Cast your mind back, if you will, to 1971. If you can’t, jump on Google, provided the Daily Mail hasn’t turned you against it. Get Carter premiered, postal workers went on strike and then-Education secretary Margaret Thatcher was branded the “milk snatcher” for ending the provision of free milk to junior school pupils.
Thatcher justified this as a bid to save the Treasury £4m – less than £60m today. So why, when Theresa May is so often compared to Thatcher (primarily due to their shared gender of course), has the current Prime Minister not been the subject of similar outrage over plans to cut disability benefits vital to personal mobility by £3.7bn?
Set aside from how this reflects on British attitudes towards disability (more of which later). The methods employed by government throughout the process – from not only ignoring but directly opposing recommendations by two Upper Tribunals on the benefits in questions, to announcing their changes on a day when the media was immersed in two high-profile by-elections – have been described by shadow work and pensions secretary Debbie Abrahams as undermining and subverting our democratic process, bypassing debate and scrutiny.
Personal independence payments, the benefits over which Chancellor Philip Hammond has swung the axe, provide support for those living with a long-term disability or illness. The points-based assessment is split into daily living and mobility components, with a maximum award of £139.75 per week. Changes to the eligibility rules now result in those who monitor their own condition or suffer psychological distress associated with taking journeys receiving reduced payments.
But to those of us who have never suffered greater inconvenience than a broken down car or delayed train during our travels, what does this really mean?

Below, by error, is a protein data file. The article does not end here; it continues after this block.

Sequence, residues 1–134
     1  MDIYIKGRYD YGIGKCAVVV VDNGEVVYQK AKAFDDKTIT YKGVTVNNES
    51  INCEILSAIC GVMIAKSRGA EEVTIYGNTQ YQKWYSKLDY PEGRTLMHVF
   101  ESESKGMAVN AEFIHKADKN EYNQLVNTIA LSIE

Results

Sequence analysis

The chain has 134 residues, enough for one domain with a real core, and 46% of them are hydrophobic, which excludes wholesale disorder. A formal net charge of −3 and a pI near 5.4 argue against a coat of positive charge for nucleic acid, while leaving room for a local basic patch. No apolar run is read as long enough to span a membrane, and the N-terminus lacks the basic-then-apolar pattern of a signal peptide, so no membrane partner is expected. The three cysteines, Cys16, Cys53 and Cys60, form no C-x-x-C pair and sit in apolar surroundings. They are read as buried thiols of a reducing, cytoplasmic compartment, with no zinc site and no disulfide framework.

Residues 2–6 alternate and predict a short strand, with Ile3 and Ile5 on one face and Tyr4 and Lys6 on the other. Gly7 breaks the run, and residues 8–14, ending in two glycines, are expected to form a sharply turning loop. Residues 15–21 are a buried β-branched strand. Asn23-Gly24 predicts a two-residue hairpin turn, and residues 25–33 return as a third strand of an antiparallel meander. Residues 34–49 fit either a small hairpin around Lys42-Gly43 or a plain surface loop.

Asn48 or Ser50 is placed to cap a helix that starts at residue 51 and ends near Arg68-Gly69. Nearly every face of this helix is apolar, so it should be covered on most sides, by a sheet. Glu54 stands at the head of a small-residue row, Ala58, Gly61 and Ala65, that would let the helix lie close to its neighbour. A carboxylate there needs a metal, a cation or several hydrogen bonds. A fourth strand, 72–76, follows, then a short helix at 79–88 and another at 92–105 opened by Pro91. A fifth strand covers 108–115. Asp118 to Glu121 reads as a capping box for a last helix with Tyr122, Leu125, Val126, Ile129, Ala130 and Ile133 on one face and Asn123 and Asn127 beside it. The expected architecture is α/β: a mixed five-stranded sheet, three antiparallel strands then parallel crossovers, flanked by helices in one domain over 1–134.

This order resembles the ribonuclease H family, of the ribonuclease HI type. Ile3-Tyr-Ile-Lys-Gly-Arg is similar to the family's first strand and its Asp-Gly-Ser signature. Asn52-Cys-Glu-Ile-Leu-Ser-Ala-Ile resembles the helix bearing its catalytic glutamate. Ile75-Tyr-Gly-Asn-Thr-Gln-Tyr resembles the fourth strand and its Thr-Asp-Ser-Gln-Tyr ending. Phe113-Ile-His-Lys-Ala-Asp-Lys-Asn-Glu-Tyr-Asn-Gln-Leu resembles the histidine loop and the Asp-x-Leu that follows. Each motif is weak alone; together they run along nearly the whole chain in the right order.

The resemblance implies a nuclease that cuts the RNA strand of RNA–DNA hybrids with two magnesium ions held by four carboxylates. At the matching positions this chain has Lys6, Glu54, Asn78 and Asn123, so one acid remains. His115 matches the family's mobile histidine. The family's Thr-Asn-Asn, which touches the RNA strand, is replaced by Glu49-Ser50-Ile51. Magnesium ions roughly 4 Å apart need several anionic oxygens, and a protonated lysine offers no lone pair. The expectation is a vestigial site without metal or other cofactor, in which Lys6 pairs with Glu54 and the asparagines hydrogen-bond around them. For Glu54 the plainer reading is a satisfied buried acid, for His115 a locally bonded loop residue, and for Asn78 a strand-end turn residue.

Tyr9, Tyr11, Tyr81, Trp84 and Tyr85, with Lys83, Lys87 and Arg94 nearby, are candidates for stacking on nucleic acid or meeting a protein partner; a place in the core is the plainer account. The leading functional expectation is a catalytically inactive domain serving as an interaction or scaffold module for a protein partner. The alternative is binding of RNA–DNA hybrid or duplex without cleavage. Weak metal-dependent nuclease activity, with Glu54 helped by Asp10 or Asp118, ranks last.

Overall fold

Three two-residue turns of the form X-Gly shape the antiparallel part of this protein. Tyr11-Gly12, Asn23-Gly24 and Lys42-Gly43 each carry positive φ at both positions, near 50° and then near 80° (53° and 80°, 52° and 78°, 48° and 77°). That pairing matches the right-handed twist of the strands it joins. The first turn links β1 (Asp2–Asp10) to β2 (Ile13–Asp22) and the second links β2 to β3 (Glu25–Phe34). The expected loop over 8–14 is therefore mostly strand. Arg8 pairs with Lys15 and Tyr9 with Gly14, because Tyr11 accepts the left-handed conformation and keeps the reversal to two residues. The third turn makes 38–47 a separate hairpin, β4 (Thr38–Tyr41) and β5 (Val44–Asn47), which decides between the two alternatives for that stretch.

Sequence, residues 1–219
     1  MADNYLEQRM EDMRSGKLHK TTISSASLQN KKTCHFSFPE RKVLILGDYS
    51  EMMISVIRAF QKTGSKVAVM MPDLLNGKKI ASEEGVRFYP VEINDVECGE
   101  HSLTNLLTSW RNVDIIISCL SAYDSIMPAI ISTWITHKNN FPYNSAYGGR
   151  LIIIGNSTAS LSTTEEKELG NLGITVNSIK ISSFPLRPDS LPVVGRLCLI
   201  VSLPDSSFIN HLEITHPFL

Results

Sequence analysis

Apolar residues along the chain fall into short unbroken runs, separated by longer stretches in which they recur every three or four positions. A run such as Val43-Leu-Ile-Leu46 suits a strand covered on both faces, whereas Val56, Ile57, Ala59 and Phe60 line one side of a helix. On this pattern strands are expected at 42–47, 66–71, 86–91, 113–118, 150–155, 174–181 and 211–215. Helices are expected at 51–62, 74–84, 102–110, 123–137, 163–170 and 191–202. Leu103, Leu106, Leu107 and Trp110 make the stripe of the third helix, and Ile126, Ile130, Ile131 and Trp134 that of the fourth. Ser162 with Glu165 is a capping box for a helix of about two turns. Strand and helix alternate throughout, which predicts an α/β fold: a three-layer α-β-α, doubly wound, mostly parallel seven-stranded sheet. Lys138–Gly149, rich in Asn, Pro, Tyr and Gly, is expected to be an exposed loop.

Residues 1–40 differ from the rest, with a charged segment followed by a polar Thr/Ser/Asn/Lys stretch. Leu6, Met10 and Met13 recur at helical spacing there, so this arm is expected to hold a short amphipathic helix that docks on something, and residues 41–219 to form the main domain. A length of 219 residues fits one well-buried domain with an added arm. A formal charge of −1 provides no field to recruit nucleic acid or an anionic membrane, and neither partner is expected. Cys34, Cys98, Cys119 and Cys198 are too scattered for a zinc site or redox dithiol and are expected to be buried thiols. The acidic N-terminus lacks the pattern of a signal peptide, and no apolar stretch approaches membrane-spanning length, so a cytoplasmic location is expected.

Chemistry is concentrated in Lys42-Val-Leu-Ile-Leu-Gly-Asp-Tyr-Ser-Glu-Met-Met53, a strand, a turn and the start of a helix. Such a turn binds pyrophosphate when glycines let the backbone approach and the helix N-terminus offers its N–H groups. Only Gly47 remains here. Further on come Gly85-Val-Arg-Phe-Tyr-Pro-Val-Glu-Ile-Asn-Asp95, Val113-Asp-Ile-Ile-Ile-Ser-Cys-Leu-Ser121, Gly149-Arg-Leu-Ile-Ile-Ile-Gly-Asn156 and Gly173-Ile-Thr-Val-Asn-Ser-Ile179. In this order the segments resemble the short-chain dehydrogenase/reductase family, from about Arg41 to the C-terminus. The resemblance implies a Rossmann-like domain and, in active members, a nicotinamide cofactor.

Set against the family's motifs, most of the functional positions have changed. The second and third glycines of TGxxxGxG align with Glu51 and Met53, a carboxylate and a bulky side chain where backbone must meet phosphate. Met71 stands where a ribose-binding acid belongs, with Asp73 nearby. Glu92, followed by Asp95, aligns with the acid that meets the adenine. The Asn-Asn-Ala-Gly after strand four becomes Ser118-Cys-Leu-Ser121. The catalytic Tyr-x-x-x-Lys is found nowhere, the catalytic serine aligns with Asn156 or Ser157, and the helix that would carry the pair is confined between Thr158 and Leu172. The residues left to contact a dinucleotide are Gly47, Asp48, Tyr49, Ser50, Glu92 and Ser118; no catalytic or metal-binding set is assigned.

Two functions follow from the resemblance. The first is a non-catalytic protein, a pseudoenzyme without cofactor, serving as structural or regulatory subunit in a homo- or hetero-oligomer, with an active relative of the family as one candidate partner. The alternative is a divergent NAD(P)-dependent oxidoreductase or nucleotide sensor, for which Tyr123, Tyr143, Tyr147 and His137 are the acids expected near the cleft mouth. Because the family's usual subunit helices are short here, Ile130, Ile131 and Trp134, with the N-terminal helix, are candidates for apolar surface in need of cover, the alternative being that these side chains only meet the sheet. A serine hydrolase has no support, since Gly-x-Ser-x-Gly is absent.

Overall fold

It means those who suffer psychological distress when undertaking any journey, whether or not they’re cognitive symptoms of a physical condition, may have the weekly benefits they receive to maintain their mobility reduced from £57 to £22.
That could mean someone who relies on their Motability car to get to work is now unable to make the journey – 750 of the vehicles a week are being returned due to the withdrawal of support, according to the SNP’s Patricia Gibson. It could mean someone who suffers from Parkinson’s might now have to run the risk of a freezing episode on a bus or a train rather than in the safety of a taxi. It means thousands more people will have to go through the traumatic appeals process – a process in which 60 per cent of appeals are successful, a proportion which underlines how unfit for the purpose the assessment mechanism is.
It could mean someone who cannot leave the house alone due to severe anxiety now cannot leave the house at all. A barrier to living a normal life, participating in the community and contributing to society, opportunities that all citizens of this country should be afforded, and one we have committed to as part of the UN Convention on the Rights of Persons with Disabilities.
Overall, the move highlights the fact the government has reneged on a specific commitment it made, when introducing Pip, to treat those suffering from mental health disorders would be treated equally to those with physical disabilities, and seems at odds with a recent green paper that stated: “A disability or health condition should not dictate the path a person is able to take in life – or in the workplace.”
It also comes just 12 months after a u-turn on previous proposals to cut Pip that would have saved the Treasury £4.4bn – cuts so severe they prompted then-Work and Pensions secretary Iain Duncan Smith to resign.
Yet in a Commons debate yesterday, Work and Pensions minister Penny Mordaunt said the amendments to legislation “were not intended to make new savings”, and that there was “no change to the budget”.
This seems hard to believe given they will indeed save billions, and while the government may argue there’s no change to the disability benefit budget, there’s no denying following the outrage and subsequent climbdown over an increase in national insurance contributions announced in the final Spring Budget, there is a rather large hole in the finances to be filled.
The Nics argument brings us back to attitude. Hammond’s increase to national insurance payments of around £35 a year was billed as “grossly unfair” to those self-employed workers who would be affected. What of those who will now be unable to work after losing the same amount a week?